Picture: Takealot
Picture: Takealot

Online retailer Takealot told South Africans in a lavish TV ad campaign: “We’ve got Christmas covered”.

But for the thousands of people who didn't receive their orders by Christmas Day‚ it turned out to be the season of “wait a lot”. And they weren’t impressed.

“Absolutely pathetic customer service‚” wrote Ronelle Singh on the retailer’s Facebook page. “I placed an order and paid additional delivery to receive my item on Christmas Eve - a week later and still no delivery after numerous follow-up calls to them‚ and no feedback…”

“Takealot’s service delivery was beyond appalling this Christmas!” wrote Kirsten Coutsoudis. “You weren't able to deliver my Christmas presents by the promised dates‚ sent half packages‚ managers don't call back when they say they will…”

But Takealot’s chief marketing officer Julie-Anne Walsh rejects the suggestion that the company over-promised and under-delivered‚ saying that “can’t be statistically validated and is not accurate”.

Asked to quantify Takealot’s late deliveries‚ Walsh would only say it was “a single-digit percentage of total orders” - the same as in previous years.

She gave the number of successful orders - not total orders - processed in November and December as “more than 650 000”.

I think it’s safe to assume that “single digit” percentage of late orders was somewhere between 5 and 9%‚ or the company would surely have said “less than 5%”‚ so I’m going to go with 7.5%.

That puts the number of late deliveries at 48 750‚ and given that the total order number would have been far higher than 650 000‚ let’s round that up to 50 000 Takelot orders that were not fulfilled.

eCommerce analyst Arthur Goldstuck‚ who heads the research company World Wide Worx‚ said it was “generally agreed” that the acceptable late delivery rate was “a matter of a fraction of a percent rather than a percent or more”.

“A single-digit percentage of late deliveries would be disastrous‚” he said. “Even if it was 1% - more than 6500 orders in this case - it could turn into a public relations fiasco for any brand in the age of social media.”

Did Black Friday - the US retail phenomenon enthusiastically embraced by South Africans a month before Christmas - have anything to do with all those late Takealot deliveries?

Not according to Walsh. So what then?

“Numerous issues can cause a late delivery‚” Walsh said‚ “some within our control and some unfortunately that are out of our control‚ like a supplier letting us down or stock that we thought we had no longer being available in our warehouse‚ due to shrinkage‚ etc.

“We do‚ however‚ make every effort to communicate changes in delivery dates to our customers as soon as possible and will credit and refund anyone who deems the revised date to be unacceptable.”

Maria Thomas felt Takealot should go a step further.

“Cut your losses and do the right thing‚” she suggested. “Send each customer whose delivery was delayed a discount voucher as a form of apology.”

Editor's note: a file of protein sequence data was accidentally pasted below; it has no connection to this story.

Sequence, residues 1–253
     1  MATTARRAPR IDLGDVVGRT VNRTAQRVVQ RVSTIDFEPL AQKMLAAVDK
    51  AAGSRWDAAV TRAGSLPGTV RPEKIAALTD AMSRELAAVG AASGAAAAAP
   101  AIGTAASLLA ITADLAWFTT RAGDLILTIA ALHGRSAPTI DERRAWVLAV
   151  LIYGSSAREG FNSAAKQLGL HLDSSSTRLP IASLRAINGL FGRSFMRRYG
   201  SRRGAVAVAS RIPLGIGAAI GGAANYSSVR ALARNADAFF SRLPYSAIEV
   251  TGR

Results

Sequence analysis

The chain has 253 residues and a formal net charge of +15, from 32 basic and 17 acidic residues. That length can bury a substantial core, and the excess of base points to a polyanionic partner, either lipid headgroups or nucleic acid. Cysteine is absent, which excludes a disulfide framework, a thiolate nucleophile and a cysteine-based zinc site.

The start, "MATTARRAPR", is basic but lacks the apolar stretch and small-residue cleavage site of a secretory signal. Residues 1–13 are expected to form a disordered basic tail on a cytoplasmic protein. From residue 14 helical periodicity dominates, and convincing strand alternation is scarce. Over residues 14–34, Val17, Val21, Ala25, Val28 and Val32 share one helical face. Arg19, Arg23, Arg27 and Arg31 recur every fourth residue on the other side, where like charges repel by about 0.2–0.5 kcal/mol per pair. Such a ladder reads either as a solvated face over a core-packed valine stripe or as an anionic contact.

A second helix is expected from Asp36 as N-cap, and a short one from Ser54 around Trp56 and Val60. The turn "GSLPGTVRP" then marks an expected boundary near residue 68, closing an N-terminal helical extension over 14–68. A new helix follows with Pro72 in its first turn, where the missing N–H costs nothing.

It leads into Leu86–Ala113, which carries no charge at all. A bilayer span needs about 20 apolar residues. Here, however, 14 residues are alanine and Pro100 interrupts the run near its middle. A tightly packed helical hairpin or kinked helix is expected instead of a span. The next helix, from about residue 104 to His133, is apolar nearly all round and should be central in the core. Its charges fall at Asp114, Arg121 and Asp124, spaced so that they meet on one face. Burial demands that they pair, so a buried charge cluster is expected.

Walsh responded: “Given the variables at play in any given customer order‚ we deal with every order on an individual basis‚” she said.

“So there is no blanket comment or compensation we can give for all (late) orders.”

Goldstuck sees it differently.

“In the USA in 2013‚ bad weather and poor anticipation of an e-commerce surge led to more than 2-million packages arriving after Christmas‚ which was a disaster for the industry‚ and most major retailers had to revise their logistics and renegotiate service levels with courier services‚” Goldstuck said.

“That year‚ Amazon refunded delivery fees and gave gift cards - local retailers need to take a similar approach.”

The lead-up to Christmas was the single most “sensitive” period of the year in terms of managing and meeting consumer expectations of e-commerce‚ Goldstuck said.

“It is critical that an online site communicates clearly whether items are in stock‚ and what delivery time can be anticipated.

“The moment the company shifts the goalposts after accepting someone's payment‚ it is not only one the back foot‚ but should compensate the customer.

“Glib responses are not enough - transparent and continuous communication becomes critical. That didn't appear to happen here.”

Goldstuck said SA’s online retailers needed to tackle “poor cooperation” from some courier companies. “We are hearing stories of warehouses clogged up because a major courier service closed shop at 1pm on December 24 and only opened again five days later.”

Online retail finally came fully into itself this holiday season and now exceeds 1% of all retail sales in South Africa‚ and is growing exponentially‚ said Steven Ambrose‚ CEO of local technology research firm Strategy.

“This places huge strain on the systems‚ processes‚ and partners‚ for any online retailer.

“Overall‚ the south Africa retailers are performing well and appear to be within internationally acceptable limits for delivery.”


* If you haven’t received your Takealot order in time‚ the fastest way to reach the company was via its help page: https://secure.takealot.com/help.

“Contacting us here captures all the details we need to address your individual query. It’s sent straight to the right team within the business who can help as quickly as possible and is much more direct than a phone call.”

Source: TMG Digital

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